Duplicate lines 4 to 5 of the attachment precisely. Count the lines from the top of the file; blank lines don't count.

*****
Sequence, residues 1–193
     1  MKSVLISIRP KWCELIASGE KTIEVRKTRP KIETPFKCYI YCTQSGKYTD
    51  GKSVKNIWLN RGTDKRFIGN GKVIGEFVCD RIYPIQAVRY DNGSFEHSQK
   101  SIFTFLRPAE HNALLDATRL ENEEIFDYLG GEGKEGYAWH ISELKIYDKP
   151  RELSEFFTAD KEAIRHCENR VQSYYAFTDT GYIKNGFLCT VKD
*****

   101  SIFTFLRPAE HNALLDATRL ENEEIFDYLG GEGKEGYAWH ISELKIYDKP
   151  RELSEFFTAD KEAIRHCENR VQSYYAFTDT GYIKNGFLCT VKD